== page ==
This Week In History: A new travelling exhibit will showcase B.C.’s dinosaurs

WatchA life-sized dinosaur will be making its way around B.C. sometime next year.  Well, a brand new statue of a dinosaur, at least.

A life-sized dinosaur will be making its way around B.C. sometime next year. Well, a brand new statue of a dinosaur, at least.

‘Buster’ is a one-of-a-kind Ferrisaurus and is unique to B.C.  Described as a hornless, parrot-beaked plant-eater closely related to the Triceratops.

Unlike the much larger Triceratops, the Ferrisaurus probably weighed about 150 kg (330 lbs).

The Royal BC Museum recently commissioned the sculpture to be included in a travelling exhibit about the Dinosaurs of B.C.

Pieces of Buster’s bones were found during the construction of train tracks in northern B.C.

Victoria Arbour, the curator of paleontology at the RBCM, has been studying the fossils for years and says Buster is known from just a couple of bones from the leg, the foot, and the arm that are in the museum’s collection.

In 2019, Arbour and her colleague David Evans named the brand new species, Ferrisaurus Sustatensus.

Alberta is often thought of as having the richest deposits of dinosaur fossils in Canada, but B.C. has plenty as well.

“We actually have a great dinosaur fossil record in British Columbia,” Arbour says, adding that ours are just harder to find because of our mountainous terrain.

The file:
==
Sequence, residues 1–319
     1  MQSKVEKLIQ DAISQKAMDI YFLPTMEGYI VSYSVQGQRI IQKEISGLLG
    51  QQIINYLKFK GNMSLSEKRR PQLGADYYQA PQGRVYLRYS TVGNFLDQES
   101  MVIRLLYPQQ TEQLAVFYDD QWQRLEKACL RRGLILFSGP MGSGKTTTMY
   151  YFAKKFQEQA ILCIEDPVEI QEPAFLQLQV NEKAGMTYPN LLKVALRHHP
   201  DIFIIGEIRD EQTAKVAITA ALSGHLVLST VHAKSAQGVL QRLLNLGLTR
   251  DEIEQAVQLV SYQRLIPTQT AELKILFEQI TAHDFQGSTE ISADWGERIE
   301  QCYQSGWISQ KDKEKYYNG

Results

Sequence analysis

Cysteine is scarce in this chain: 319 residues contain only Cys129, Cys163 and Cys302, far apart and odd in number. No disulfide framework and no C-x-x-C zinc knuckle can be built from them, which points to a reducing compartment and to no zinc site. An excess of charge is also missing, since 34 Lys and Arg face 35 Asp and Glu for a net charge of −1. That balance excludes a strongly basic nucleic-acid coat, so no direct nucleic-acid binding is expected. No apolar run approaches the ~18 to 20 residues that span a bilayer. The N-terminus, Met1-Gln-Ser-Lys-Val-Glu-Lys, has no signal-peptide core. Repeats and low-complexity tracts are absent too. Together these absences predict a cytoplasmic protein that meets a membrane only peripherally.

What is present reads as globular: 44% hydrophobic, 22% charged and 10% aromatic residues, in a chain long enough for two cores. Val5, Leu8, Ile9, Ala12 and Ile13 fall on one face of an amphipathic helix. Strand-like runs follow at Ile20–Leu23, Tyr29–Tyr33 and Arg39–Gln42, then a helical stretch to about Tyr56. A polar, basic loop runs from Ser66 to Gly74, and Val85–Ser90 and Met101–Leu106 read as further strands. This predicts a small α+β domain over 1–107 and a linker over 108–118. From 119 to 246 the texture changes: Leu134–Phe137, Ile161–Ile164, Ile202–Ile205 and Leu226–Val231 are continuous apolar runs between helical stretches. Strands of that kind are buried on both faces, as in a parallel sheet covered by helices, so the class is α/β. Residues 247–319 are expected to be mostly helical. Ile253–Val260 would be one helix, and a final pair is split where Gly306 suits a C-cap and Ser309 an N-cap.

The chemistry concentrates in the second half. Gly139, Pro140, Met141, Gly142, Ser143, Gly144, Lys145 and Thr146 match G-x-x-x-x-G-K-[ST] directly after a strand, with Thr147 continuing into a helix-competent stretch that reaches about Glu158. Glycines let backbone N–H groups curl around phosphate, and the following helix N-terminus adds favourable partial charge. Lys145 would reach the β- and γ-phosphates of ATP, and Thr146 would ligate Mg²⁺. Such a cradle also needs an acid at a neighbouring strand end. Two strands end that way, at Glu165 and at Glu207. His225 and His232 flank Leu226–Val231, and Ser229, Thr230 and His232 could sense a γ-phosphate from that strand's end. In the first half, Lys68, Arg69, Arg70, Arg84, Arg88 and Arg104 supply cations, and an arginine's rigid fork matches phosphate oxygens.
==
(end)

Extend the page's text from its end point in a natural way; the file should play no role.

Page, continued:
From up duck-billed dinosaurs in the Peace region of the province to Tyranosaur teeth, B.C. has a lot to uncover, potentially rivalling Alberta.

The museum also has an Ostrich-like dinosaur fossil found on Vancouver Island.

Arbour says the Island was home to many dinosaurs, but our geography makes finding fossils hard.

“We definitely have dinosaur bones on Vancouver Island. The rocks on Vancouver Island were laid down mostly in marine sediments on the ocean floor. So it’s not the best place to find a dinosaur bone.”

Buster will be the centrepiece of the new travelling exhibit and will be placed in a diorama of vegetation. The dinosaur will likely be leaning his front two arms on a log or rock because paleontologists still aren’t certain whether the new species got around on two or four legs.

The travelling exhibit is still being created but should be ready to tour the province sometime next year. and Arbour is excited for people to learn about our ancient history.

“I’m just really excited for people to get a chance to see some specimens they probably didn’t even know existed. There will be some things that will probably be a surprise to a lot of British Columbians. So, I really hope people get a chance to visit it as it tours around the province.”

RELATED: New travelling exhibits are part of push to share knowledge around B.C.

Brad MacLeodBrad MacLeod

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